"There is no right or wrong about creating a mind map," Patana said. "It's a note-taking technique that gathers information in a way that shows children how pieces of information link together. And looking for the connections can help them understand what they are learning about." Apart from enhancing memory skills, Patana said mind mapping also helps children exercise using the left and the right sides of the brain together, which maximises learning potential. The right side of the brain is responsible for artistry, creativity and imagination, while the left influences calculation, logic, language and analytical thinking. Studies show that most people tend to use the left side of the brain more.
"Children use logic and language skills to link ideas and form connections in the map. At the same time, the creative side is fired through drawing pictures to describe words and using vibrant colours," Patana said.
The mind mapping technique is suitable for children of all ages and can be applied to any subject, including everyday activities and school lessons. Tasks can be adjusted to suit the child's age.
"For young children, parents should create a map for them and let them learn ideas from pictures. They can simply apply the technique to storytelling to help children learn about animals, places and things. Adolescents should be encouraged to create a map on their own for more complicated tasks including homework, lessons or even chapters of books," Patana suggested.
Witsata Kunjara said she has been drawing mind maps for her daughter, helping her know from a young age what she needs to do each day and what to bring to school. She asked her daughter questions and put the answers on different branches and sub-branches, sometimes helping her out. A map is placed on the fridge as a reminder.
"We find the mind mapping technique very useful for our little girl," Witsata said. "She learns things from the pictures I draw and picks up new words from the tasks we work on together. What she has gained is that she does activities in an organised way. Our three-year-old girl is trying to do a map on her own."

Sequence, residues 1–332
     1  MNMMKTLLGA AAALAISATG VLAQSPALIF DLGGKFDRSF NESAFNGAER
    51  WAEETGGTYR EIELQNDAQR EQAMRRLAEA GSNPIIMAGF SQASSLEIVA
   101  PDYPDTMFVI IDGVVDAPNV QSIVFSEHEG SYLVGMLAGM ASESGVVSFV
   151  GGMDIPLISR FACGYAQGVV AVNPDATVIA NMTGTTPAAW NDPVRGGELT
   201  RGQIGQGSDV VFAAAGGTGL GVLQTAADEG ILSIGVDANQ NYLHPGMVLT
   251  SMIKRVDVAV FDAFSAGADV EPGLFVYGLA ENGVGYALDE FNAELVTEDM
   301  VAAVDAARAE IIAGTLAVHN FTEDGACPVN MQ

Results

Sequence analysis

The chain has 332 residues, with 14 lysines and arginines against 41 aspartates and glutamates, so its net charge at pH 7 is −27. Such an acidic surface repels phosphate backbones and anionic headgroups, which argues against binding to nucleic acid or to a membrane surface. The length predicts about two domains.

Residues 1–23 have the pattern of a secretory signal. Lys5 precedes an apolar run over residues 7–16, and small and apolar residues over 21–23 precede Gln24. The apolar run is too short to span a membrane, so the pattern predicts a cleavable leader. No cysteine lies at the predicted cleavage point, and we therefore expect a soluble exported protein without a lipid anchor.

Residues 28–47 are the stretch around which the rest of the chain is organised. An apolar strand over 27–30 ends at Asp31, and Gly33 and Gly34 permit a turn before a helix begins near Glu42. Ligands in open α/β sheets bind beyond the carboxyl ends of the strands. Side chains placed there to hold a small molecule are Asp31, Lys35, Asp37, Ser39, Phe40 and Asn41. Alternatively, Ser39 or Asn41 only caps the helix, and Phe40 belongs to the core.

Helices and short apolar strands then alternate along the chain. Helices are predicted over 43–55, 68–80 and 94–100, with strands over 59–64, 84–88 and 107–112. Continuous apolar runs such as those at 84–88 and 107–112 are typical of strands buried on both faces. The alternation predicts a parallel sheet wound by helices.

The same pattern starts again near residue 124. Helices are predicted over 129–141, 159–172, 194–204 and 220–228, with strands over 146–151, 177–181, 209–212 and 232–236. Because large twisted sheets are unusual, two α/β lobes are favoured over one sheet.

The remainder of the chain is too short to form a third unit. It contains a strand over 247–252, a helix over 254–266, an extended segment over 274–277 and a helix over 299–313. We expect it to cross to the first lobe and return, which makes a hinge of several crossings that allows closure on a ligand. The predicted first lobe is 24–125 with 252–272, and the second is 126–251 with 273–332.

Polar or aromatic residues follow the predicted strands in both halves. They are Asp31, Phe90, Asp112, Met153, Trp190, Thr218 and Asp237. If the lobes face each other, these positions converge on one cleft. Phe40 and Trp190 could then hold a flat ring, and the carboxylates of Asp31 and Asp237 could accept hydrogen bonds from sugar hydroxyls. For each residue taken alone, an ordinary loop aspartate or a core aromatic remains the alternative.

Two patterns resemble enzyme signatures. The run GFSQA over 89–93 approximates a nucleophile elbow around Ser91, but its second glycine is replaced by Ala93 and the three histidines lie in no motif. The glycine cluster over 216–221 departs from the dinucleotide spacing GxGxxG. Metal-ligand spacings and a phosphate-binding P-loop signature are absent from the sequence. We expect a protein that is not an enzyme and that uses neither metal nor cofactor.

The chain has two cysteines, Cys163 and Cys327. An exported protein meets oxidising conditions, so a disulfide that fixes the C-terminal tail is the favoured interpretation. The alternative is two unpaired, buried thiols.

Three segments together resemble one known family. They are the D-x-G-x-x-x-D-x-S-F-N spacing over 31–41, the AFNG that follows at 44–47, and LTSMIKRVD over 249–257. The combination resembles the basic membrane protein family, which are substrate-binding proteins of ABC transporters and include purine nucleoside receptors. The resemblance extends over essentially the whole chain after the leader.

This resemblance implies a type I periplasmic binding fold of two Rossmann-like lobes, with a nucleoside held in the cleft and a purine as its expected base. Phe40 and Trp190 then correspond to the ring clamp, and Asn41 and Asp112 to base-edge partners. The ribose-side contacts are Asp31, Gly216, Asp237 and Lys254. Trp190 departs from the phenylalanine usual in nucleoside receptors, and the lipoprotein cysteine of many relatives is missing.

Brain growth can also be affected by a child's nutrition, according to Dr Pongsak. Breast milk is the best choice for babies as it contains a mix of nutrients needed for healthy growth and development, one of the most important of which is the fatty acid DHA that supports brain and visual development. Mackerel, salmon, snake-head fish and DHA-fortified milk are other sources of DHA and can be good choices for young children.
"Lipids make up about 60% of the brain structure," Dr Pongsak said.
And how a child's brain grows depends on the environment around them. Dr Pongsak said early attachment through warmth, love and care as well as stimulation are essential to early brain growth.
"Nature, or genes, and nurture are equally important in a child's learning. And parents can make a difference as a child is under their care from zero to three years. Infants like human stimuli. They want to hear your voice. They want you to sing a song for them. They want you to touch them. They want to be loved," he said.
It's imperative for parents and teachers to learn about children's differing behaviours as they learn.
"Every child is different so there is no one strategy for every child," Patana said. "Find out which strategy works for your child. Many children want you to give them compliments. Some of them want you to challenge them."
Dr Pongsak noted the first 1,365 days of a child's life is a critical period that will determine their development, including the brain. And it's best for them to learn languages before they are seven.
"People who learn a new language before they are seven almost always speak it with a foreign accent. So parents should learn about the window of learning in order to make the most of their child's development," he said.